A pat conclusion would be too easy for Taylor, but also unsatisfactory for readers. Taylor shows us, through Jackson, how the body learns that there’s no end to longing. There’s only more longing. And with Dennis Norris II’s haunting story, “Last Rites,” we sense that longing transfers from one body to another, even after death. Norris opens with a near-lifeless body calling from inside a wrecked car. John the Reverend is trapped. As he awaits help, he imagines the body of the trooper appearing on the scene as that of his estranged son, Davis, now an adult gay man.
“I need my son. I need to save my son,” the Reverend utters, and thus begins a story of redemption left painfully unfulfilled. Nearing death, the Reverend’s mind wanders back to his son’s childhood, when Davis was once a sensitive boy who screamed and convulsed nightly and who lost his mother at five. His body was “disjointed, uncoordinated,” an impossible thing for the Reverend to fathom or soothe. The only thing that comforted Davis was lying against his father’s bare chest in bed, as he sings him a song. This is the moment Davis sees his father crying; the moment he reaches out to kiss his father; the moment Davis learns a cruel lesson about acceptable male-male interactions. He’s abruptly abandoned in his bed, “quivering… asking, quietly, for his mother.” Echoing Chee’s bathroom scene, Norris sketches the Reverend standing at the sink that evening. “He studied what he saw before him, trying to see his face through his son’s eyes: the thick-skinned wrinkles of his forehead. His wide-set nose and fat nostrils. The mole on his left cheek with the hairs growing out of it.” Norris asks us to look at this body, and to wonder whether this is what Davis sees when he looks at his father. Will Davis come to know his own body as something his father gave him?
As Norris’ story draws to a close, the trooper on the scene to rescue the Reverend tells him he has a son of his own. The Reverend imagines things he wants to tell the trooper about sons. But Norris pulls away—nearing death, the Reverend is “too cold to move his lips, too cold to feel his tongue ”—leaving the reader to wonder whether it’s all too late.
Not only is Davis, refracted through the Reverend’s faraway memories, forced to confront the limits of his affection for men, but the Reverend also reveals his body as somehow a conduit for the experiences of fathers and sons too afraid to show intimacy among one another. Still, what’s left unsaid comes to a painful conclusion, as the language of destruction and delirium floods the last moments of the Reverend’s life: “Assistance. Dangerous. Life.” The Reverend is trapped within a car he’s crashed at the same time that he’s imprisoned within the choices he’s made, perhaps by drinking, perhaps by reaching out to Davis too late. Still, Norris affords the Reverend enough empathy to take stock of his son’s sexuality, thereby attempting to close the circle broken years ago. By no means a queer character, the Reverend nevertheless demonstrates how queerness offers an opportunity for people to extend themselves beyond their skin and reimagine the alterity of others’ bodies anew.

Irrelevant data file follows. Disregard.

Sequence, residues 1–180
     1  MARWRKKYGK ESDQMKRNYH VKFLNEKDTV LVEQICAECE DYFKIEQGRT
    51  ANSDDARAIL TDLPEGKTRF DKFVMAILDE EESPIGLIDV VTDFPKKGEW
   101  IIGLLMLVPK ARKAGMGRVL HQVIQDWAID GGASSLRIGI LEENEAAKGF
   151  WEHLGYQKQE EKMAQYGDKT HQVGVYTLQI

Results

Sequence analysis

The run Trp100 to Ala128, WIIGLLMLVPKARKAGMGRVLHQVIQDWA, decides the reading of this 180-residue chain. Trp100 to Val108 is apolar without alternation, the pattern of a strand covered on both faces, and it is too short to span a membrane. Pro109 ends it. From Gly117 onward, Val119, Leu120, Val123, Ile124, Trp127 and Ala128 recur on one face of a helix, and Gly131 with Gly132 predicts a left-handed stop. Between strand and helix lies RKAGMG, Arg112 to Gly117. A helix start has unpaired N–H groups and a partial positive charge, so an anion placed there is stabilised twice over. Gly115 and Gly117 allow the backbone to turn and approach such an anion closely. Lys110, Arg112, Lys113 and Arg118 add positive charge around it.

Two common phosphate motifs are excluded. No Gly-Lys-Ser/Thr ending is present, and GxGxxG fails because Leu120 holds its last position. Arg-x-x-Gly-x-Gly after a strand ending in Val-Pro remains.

Norris, Taylor, and Chee have created stunning characters in each of their stories, anthologized within Everyday People, out now from Atria Books. Either they inhabit other people’s experiences in their mind or incorporate the feelings of others within their own bodies. Either way, queerness becomes a means of living outside one’s own body. These seem to be strategies for getting on, for surviving in a world that fails to account for the full color of everyone’s existence. After all, queerness is depicted in “Mine,” “Boy/Gamin,” and “Last Rites” as something other people know sooner than the very people forced to confront it within themselves, giving others the power to name it and define it, as Norris’ tragedy plays out for the Reverend. But one begins to understand that, if we’re all in some way ordinary, everyday people, we’re united by the fact that we appear broken. What sets us apart is the ability to imagine a light shining through our cracks.